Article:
The report does not fall into the elephant trap of trying to define antisemitism, and despite pressure from supporters of Israel Chakrabarti pointedly did not endorse, nor even refer to, the discredited “EU Monitoring group working definition” which sees all criticism of Israel as either overt or covert antisemitism.
Another strength of the report was the way in which Chakrabarti confronted and rejected the misrepresentation of the recommendation in the Macpherson Report on recording of racist incidents. The “Jewish Leadership Council”, for instance, called on her to recognise that “a racist attack is defined by its victim”. Chakrabarti, however, insisted that “an incident should be recorded as ‘racist’ when perceived that way by a victim”, but that “it will be for the investigation and any subsequent process to determine whether any complaint was ultimately well-founded”.
In response to many of the complaints submitted to her, Chakrabarti noted that “complaints and disciplinary procedures are wanting. They lack sufficient transparency, uniformity and expertise in delivery”. In particular, she criticised the situation in which many people were immediately suspended, and details given to the press. Chakrabarti recommended that suspension be the exception rather than the rule, that people subject to investigation be informed directly rather than via press leaks, and that details be recorded of complainants in order to discourage “trawling exercises or fishing expeditions” by “hostile journalists or political rivals”.
Chakrabarti also criticised the use of “special measures” against local parties. Noting the scandal that some parties in Birmingham have been subject to such measures for up to 23 years, Chakrabarti condemns “the enduring image of hundreds of BAME Labour members in one part of a city being denied democracy and autonomy, with little in the way of procedural protection, and the likely message this sends, whilst a handful of their white neighbours enjoy full membership rights down the road”, and recommends that such procedures not be used against any local party for more than six months without review by the NEC.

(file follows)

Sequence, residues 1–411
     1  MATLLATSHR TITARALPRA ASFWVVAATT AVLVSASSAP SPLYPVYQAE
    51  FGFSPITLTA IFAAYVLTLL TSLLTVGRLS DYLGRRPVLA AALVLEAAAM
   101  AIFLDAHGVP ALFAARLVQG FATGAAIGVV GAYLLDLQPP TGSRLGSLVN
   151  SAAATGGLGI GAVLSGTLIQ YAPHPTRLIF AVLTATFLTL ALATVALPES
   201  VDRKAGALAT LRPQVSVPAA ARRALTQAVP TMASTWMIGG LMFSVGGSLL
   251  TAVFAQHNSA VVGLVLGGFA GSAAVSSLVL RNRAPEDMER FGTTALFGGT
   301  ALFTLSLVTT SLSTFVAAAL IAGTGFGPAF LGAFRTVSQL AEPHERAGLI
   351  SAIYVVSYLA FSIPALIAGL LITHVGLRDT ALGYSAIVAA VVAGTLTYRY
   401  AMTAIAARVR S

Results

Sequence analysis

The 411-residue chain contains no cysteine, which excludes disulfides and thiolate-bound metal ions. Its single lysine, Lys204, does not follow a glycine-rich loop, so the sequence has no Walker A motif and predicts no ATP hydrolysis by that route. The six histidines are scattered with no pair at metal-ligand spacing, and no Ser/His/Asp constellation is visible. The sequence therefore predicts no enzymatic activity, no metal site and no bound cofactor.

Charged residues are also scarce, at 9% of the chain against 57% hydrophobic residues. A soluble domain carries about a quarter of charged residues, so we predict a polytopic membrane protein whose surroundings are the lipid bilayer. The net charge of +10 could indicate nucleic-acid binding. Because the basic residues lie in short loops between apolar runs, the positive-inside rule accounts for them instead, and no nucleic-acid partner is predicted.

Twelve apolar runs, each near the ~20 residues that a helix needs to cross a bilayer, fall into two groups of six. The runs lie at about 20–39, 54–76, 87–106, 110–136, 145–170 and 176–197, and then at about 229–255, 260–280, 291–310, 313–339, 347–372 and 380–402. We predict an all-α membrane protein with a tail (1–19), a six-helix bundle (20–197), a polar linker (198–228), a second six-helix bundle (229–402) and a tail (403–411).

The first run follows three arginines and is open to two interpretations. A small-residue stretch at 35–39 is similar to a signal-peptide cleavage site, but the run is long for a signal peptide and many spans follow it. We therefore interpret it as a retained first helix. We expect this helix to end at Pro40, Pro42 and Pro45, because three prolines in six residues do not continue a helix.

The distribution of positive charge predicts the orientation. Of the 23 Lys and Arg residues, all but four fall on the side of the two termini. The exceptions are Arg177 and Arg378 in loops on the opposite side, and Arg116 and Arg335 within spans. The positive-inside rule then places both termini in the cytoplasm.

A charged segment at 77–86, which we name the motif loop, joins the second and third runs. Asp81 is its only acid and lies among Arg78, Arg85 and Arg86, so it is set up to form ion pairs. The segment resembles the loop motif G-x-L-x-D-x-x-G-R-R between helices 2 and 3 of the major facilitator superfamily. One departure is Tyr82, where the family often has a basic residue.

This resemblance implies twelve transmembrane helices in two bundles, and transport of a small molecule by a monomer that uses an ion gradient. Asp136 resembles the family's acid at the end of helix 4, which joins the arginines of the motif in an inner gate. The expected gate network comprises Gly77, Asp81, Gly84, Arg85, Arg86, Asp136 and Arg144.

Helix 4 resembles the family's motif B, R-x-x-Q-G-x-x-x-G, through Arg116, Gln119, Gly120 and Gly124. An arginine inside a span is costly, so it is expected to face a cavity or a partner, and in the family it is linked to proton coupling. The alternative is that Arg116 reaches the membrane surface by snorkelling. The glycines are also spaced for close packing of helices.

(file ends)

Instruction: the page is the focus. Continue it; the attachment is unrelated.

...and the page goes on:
Chakrabarti sets out proposals for a new “clear and transparent” disciplinary procedure in the Labour Party. She further recommends a “statute of limitations” preventing permanent trawling through members’ old social media postings, calls for a wider range of sanctions including warnings and apologies as well as suspension and expulsion, and opposes calls for a lifetime ban. The detailed proposals are a significant improvement on the current arbitrary procedures, and are long overdue.
In discussing training, Chakrabarti explicitly opposes “narrow anti-racism training programmes” as “patronising and insulting” rather than “empowering and exciting”. In doing so, she resists the demand from the “Jewish Labour Movement” for a key role in such training. Despite its neutral-sounding name, the Jewish Labour Movement is actually an explicitly Zionist body; it is affiliated to the World Zionist Organisation, and membership requires signing up to the principle of “the centrality of the State of Israel in Jewish life”.
As such, it excludes many Jews from membership, and cannot legitimately claim to represent the interests of Jewish Labour party members unless they already support the JLM’s Zionist agenda. But it is also regarded as a Socialist society within the Labour Party and therefore has the right to send delegates and submit motions to local General Committees, and to other rights of membership. This not only reinforces the general feeling of marginalisation that non-Zionist Jews are often subject too but even more to the point, suggest that they do not really belong in the Labour Party.
In fact the voices of diversity within the Jewish community in Britain have been growing over for many years. The Jewish Socialist Group was set up in 1974, and Jews for Justice for Palestinians was set up at the turn of the millennium. Jeremy Corbyn’s campaign to be elected leader of the Labour Party led to the formation of a loose network – Jews for Jeremy – which expected its work would be over at the close of the contest but which has in fact had to return to activity several times over the last year as the false slurs of antisemitism surfaced time and again.
As Israel’s attacks on Gaza are stepped up to a pitch higher than any since August 2014 and Corbyn’s re-election campaign moves into its final phase the autumn will inevitably include discussions on how best to step up solidarity with the Palestinian people, how to make sure the Chakrabarti recommendations are implemented and whether to try and develop a collective voice for non-Zionist Jews within the Labour Party.